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A nurse working on a clinical trial

A new clinical trial is looking at the best way to treat womb cancer.

When it comes to cancer, radiotherapy is a mainstay of modern day cancer treatment. As we recently highlighted, it’s a little known fact it plays a key role in treating around four in ten people with cancer. But sometimes radiotherapy on its own isn’t enough, particularly if the cancer is advanced or has spread to other parts of the body. So the combined forces of chemotherapy and radiotherapy are often used together.

Each treatment has its unique merits: radiotherapy delivers a localised attack to destroy the primary tumour – the cancer’s chief stronghold. Meanwhile, chemotherapy travels around the bloodstream to try and kill off any dividing cancer cells that may have broken rank and started growing elsewhere.

For several types of cancer, this combo of chemotherapy and radiotherapy together has been proven to reduce the likelihood of any remaining cancer cells being able to regroup and start growing elsewhere in the body as a secondary tumour.

There’s a lot of research looking to establish the best treatment for cancers that start in the womb (endometrium). And in particular who should have what. Researchers in the USA and Europe have looked at using both chemotherapy and radiotherapy after surgery for women at a high risk of the cancer coming back.

This combined treatment has been useful in other gynaecological cancers. But there’s not yet enough proof to say whether it should become routine. So a group of London-based researchers, with help from Cancer Research UK funding, are now running a clinical trial to find out if having radiotherapy and chemotherapy after surgery could further improve the outlook for womb cancer patients.

Watch this short video – featuring trial co-ordinator Dr Melanie Powell – to find out more about the PORTEC-3 trial and how it could bring benefits to women with womb cancer:

Treating womb cancer

As with many other types of cancer, the outcome of womb cancer depends on how advanced it is when it is diagnosed. In other words, the stage of the cancer.

The outlook for the majority of women diagnosed with womb cancer is good. Most cases are picked up at an early stage – increasing the chances of successful treatment – and about 8 out of every 10 (80 per cent) of women live for at least five years. Many of these women will have been cured of their cancer.

But if the disease is diagnosed at a later stage, after it’s begun to spread, it can be harder to treat successfully.  Around 1 in 10 of women who get womb cancer have high grade tumours, which can be harder to treat and are more likely to come back after treatment.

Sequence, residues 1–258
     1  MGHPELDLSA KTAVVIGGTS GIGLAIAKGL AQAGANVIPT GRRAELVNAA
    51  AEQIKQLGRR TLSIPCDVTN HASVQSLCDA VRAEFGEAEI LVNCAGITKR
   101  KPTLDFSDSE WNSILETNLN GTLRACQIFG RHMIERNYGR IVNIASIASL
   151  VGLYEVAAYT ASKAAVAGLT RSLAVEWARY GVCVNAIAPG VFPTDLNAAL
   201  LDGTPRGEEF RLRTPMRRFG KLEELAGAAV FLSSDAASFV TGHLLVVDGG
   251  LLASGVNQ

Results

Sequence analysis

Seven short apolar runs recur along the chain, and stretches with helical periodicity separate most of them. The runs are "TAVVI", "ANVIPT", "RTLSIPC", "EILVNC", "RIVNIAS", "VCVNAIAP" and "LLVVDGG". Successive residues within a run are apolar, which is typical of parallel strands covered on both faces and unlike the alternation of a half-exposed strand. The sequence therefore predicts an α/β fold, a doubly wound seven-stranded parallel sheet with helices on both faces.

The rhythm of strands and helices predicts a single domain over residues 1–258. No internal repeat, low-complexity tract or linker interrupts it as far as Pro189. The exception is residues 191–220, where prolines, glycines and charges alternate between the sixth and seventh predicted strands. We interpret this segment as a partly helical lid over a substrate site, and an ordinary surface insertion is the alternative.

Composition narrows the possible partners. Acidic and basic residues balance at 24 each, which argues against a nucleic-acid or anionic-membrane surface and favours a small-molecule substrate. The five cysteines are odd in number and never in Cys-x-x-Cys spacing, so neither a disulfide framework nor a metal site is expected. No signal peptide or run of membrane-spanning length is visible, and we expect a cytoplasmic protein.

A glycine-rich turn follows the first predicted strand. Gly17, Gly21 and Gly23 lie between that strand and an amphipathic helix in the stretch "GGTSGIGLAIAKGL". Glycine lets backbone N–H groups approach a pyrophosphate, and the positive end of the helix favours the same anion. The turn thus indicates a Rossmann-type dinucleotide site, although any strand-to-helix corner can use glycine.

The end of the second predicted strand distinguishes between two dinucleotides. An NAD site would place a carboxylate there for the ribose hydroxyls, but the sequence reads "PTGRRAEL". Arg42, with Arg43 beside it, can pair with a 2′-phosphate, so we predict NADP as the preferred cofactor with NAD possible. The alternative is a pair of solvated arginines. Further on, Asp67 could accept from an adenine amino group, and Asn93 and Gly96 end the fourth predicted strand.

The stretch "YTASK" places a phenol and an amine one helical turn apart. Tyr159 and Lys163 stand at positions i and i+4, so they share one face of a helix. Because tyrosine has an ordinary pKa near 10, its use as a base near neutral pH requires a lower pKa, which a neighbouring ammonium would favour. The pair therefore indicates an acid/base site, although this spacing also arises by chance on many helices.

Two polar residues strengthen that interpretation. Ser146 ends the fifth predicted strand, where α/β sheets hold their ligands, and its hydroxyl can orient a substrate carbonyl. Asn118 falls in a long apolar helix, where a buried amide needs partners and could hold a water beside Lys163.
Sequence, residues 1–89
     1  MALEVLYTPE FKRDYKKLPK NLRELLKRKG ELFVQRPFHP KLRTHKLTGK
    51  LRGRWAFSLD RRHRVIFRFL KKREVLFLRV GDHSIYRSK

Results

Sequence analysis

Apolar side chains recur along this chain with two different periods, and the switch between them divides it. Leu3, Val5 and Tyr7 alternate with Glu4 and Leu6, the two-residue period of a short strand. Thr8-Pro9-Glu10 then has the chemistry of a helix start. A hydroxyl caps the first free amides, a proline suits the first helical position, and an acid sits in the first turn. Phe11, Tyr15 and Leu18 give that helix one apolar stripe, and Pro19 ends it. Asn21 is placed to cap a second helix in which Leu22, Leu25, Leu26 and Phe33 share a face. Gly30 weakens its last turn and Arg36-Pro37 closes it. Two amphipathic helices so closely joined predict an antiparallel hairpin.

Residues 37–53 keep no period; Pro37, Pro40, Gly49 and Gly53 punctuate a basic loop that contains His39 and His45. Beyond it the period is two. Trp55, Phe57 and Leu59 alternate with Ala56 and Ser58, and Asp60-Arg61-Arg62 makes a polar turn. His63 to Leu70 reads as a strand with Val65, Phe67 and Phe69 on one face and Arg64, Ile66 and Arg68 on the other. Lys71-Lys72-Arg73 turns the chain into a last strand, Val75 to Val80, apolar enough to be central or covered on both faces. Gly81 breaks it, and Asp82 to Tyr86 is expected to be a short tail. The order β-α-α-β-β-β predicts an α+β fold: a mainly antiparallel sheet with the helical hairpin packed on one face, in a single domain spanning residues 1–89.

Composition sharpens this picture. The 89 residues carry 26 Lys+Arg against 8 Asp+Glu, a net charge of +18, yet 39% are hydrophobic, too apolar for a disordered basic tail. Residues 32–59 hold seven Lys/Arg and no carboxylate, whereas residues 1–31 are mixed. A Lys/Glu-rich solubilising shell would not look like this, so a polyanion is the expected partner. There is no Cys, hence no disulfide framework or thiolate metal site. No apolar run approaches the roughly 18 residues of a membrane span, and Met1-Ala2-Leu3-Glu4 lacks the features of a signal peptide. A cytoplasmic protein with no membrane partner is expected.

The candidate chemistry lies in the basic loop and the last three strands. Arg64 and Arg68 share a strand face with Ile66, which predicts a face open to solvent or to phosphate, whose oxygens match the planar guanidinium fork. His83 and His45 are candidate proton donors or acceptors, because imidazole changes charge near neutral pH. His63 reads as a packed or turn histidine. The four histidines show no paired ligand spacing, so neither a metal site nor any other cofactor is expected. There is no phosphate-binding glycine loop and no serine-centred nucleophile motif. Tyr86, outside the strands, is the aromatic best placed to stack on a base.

The first and most important stage of treatment for womb cancer – and indeed for almost all types of cancer – is often surgery.

This gets rid of most of the tumour, but if there’s a chance the cancer could come back – if it’s been diagnosed at a late stage or is a high grade – then a further course of radiotherapy to the pelvis can help.

In either case, it’s unlikely that any treatment will kill every single cancer cell in the body. The body’s own immune system usually deals with any stragglers, but a few can sometimes slip through the net and start growing again after treatment has finished. This is why cancer can sometimes come back in another part of the body.

The PORTEC-3 Trial

To find out whether adding chemotherapy to the mix could reduce the chances of this happening, some of our London-based researchers have launched PORTEC-3 – a new Europe-wide womb cancer trial.

The researchers are recruiting 500 women with womb cancer, who will be split into two groups. One group will have radiotherapy on its own – the standard treatment for women if there’s a high chance their cancer could come back – while the other will have chemotherapy at the same time as radiotherapy.

As well as finding out if adding chemotherapy helps to stop the cancer from returning and makes a difference to survival, the researchers will also be looking at whether it affects the women’s quality of life.

The results of this important trial will help find out whether this type of treatment should become routine and who should have it. Clinical trials like this are already leading to advances in preventing, detecting and treating cancer that will ultimately save many lives. This is just one of hundreds of clinical trials supported by Cancer Research UK and that we hope will bring life-saving treatments to patients in the near future.

Ailsa Taylor, Cancer Research UK press officer

  • Anyone affected by cancer or interested in finding out more about clinical trials can visit our patient information website, CancerHelp UK.  Our Cancer Information Nurses are also available on freephone 0808 800 4040 (9am-5pm, Monday to Friday) to talk to anyone concerned about cancer. And our online forum, Cancer Chat , is always open for people to share their experiences and find information.

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